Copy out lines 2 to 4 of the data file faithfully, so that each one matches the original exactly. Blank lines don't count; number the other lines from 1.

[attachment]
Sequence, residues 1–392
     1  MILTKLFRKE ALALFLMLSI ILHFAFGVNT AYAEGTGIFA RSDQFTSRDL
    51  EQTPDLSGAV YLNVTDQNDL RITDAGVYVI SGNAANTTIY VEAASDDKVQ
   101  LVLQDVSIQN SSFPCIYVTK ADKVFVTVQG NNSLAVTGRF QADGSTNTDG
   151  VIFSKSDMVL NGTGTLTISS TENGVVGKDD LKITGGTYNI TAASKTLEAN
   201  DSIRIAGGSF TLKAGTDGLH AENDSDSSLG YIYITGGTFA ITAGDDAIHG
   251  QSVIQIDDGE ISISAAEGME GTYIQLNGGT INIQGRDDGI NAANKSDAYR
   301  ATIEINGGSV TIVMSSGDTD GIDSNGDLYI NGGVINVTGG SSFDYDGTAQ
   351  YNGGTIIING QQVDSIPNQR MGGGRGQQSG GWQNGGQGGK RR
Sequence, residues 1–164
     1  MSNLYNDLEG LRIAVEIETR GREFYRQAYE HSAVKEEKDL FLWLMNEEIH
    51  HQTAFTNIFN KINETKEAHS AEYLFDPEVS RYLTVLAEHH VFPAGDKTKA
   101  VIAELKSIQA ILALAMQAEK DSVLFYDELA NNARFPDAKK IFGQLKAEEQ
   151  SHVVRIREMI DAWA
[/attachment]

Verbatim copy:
     1  MILTKLFRKE ALALFLMLSI ILHFAFGVNT AYAEGTGIFA RSDQFTSRDL
    51  EQTPDLSGAV YLNVTDQNDL RITDAGVYVI SGNAANTTIY VEAASDDKVQ
   101  LVLQDVSIQN SSFPCIYVTK ADKVFVTVQG NNSLAVTGRF QADGSTNTDG